Vancouver’s hockey season is over, and it couldn’t have ended soon enough for many.
Thing is, it wasn’t all bad. I mean, mostly it was, but not all.
With that in mind, I’ve put together this article on some of the positives and negatives to come out of the Canucks’ 2015-2016 season.
Rookie of the year, defenceman of the year, lip syncer of the year – whatever you call him, Ben Hutton arrived this season.
In his first NHL game Hutton had 17 minutes of ice time, and by his fifth game he was over 20 minutes for the first time.
While his corsi numbers were at the lower end for the team’s defencemen, Hutton led them all in scoring with 25 points. Defence can be learned, but that offensive touch can’t.
Ending the year on the first unit power play, fans will be excited to see more of that next season.
Plus he somehow kept smiling through it all.
The Frank Corrado story was overplayed by November, but a forensic examination of the season wouldn’t be complete without a mention.
With the Canucks going through 9-12 defencemen every year since the year 1920, fans knew losing a young, promising right hander on waivers would come back to haunt them.
Hutton had proved he belonged, but had they sent him to Utica to start the season, he’d have been called up within 10 games. And they could’ve kept Corrado.
By November, Vancouver was so in need of defensive depth, Benning said he’d look at claiming Corrado off waivers if the Leafs put him on them again.
It also made “asset management” the most used term amongst Canucks fans since “flip the switch”.
Jake Virtanen finished the season with the second highest corsi-for percentage on the Canucks, meaning the rookie was very good at driving play.
Following his disastrous World Junior experience, Virtanen was given great looks with first and second liners in Vancouver.
Virtanen had four points from October to December and nine from January on.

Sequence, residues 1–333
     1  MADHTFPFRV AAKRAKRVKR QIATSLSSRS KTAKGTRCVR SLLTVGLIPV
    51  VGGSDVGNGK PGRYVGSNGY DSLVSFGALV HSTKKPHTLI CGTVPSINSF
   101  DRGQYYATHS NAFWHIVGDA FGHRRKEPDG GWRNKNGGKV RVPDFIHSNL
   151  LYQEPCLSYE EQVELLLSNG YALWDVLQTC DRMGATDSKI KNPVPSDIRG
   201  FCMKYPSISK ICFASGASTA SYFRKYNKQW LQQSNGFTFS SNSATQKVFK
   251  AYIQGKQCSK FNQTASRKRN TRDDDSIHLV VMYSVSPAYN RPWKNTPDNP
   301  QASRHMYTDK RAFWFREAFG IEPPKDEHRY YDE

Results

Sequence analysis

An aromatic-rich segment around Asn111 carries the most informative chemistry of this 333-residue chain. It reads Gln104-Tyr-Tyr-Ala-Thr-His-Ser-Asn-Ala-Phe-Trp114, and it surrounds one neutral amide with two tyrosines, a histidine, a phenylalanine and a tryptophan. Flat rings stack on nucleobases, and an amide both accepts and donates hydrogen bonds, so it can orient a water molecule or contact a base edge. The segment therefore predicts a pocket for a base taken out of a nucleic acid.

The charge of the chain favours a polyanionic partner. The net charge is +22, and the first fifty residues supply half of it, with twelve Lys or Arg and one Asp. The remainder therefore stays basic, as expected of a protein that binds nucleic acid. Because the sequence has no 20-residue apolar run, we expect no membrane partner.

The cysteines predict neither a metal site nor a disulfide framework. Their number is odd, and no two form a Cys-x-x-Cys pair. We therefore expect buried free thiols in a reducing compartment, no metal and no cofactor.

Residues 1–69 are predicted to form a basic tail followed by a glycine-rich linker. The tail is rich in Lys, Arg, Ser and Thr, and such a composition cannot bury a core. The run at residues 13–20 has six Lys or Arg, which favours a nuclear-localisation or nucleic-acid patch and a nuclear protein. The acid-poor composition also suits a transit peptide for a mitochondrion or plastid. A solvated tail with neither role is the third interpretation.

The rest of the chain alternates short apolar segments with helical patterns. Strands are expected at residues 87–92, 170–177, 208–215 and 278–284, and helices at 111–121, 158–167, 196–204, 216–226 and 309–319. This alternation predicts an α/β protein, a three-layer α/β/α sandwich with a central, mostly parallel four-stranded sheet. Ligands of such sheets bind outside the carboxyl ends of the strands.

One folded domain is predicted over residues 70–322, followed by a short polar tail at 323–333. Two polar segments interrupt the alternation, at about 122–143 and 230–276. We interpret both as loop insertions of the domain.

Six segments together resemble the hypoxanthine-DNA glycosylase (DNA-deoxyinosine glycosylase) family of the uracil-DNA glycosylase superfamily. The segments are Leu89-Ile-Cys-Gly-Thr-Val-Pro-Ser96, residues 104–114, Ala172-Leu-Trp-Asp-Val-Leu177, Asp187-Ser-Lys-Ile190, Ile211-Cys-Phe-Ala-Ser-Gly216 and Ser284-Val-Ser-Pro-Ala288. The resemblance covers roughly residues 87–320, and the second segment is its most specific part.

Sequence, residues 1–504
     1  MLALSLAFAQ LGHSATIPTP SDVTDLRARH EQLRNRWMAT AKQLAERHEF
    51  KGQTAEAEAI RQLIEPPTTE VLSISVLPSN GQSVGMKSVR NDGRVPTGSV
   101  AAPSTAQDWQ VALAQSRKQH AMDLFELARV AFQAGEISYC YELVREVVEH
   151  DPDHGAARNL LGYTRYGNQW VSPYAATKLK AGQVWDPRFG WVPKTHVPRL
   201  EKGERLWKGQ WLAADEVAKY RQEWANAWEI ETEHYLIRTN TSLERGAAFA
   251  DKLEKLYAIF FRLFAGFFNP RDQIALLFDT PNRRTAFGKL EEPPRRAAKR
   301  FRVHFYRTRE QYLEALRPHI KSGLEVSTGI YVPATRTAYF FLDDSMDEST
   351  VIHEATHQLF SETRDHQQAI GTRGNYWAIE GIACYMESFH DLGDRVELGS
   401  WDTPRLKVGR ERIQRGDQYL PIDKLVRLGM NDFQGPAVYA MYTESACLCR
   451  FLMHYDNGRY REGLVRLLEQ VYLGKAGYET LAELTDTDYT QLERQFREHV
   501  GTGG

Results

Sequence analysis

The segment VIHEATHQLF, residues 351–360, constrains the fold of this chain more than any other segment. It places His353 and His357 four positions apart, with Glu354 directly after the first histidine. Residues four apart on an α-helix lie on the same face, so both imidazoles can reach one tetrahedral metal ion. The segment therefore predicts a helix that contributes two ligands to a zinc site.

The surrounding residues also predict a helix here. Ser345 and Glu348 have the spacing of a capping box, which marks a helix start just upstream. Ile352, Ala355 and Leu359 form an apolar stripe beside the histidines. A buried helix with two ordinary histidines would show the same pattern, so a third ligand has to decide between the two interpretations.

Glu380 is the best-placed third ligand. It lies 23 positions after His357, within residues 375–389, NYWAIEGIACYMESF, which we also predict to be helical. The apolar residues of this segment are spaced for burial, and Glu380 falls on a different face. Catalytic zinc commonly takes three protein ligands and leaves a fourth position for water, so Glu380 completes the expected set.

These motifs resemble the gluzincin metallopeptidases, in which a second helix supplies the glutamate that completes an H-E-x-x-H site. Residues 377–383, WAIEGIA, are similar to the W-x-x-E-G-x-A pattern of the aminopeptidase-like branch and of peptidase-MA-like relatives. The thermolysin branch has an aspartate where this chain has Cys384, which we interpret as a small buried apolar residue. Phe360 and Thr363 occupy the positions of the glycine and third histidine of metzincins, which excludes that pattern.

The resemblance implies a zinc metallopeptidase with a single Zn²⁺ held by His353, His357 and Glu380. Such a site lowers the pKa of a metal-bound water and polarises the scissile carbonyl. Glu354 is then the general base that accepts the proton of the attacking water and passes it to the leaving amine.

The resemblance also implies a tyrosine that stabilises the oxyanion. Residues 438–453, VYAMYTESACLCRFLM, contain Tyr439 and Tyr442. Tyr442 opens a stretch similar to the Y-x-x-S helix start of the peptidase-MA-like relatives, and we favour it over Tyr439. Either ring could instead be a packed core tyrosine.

Still, the moment we may never forget was his attempt to liquify Conner McDavid in prospects camp.
Remember the plan for Jared McCann?
In early January Benning said the team had a plan for which games McCann would and wouldn’t play for the remainder of the schedule. The idea was to allow the rookie to have days off to rest and workout in the midst of the gruelling hockey season.
Then McCann was scratched a total of seven games interspersed in January and February and played every game in March and April.
Not only were plans to allow his body to recharge thrown out, he wasn’t put in a great position for success. After playing on the top line when Henrik Sedin was injured in December and looking good doing it, McCann was relegated to the fourth line for the remainder of the season.
And despite seeing the positive effect good linemates had on Virtanen’s confidence and growth, the Canucks didn’t help McCann the same way.
If Vancouver chooses to keep him with the big club next year, you have to hope they put him with some skilled players, because he definitely is one.
It’s no secret Bo Horvat struggled defensively this season. His plus/minus was second-worst in the NHL, and his corsi plus/minus was worst among Canucks forwards, but as noted by Sportsnet’s Thomas Drance, Horvat was thrown into a shutdown centre role usually occupied by seasoned NHLers in their late 20s.
Despite taking a large majority of his draws at the defensive end, Horvat was third on Vancouver in individual shot attempts, and he put up 40 points in his second season.
For comparison, Ryan Kesler put up 37 points in his third full season with the Canucks.
More remarkable: Horvat only had eight points two and a half months into the season.
Even more remarkable: Horvat became the face of the SixPack midway through the season.
Willie Desjardins took a lot of criticism this year – when a team is near the bottom of the league in the standings, it comes with the territory.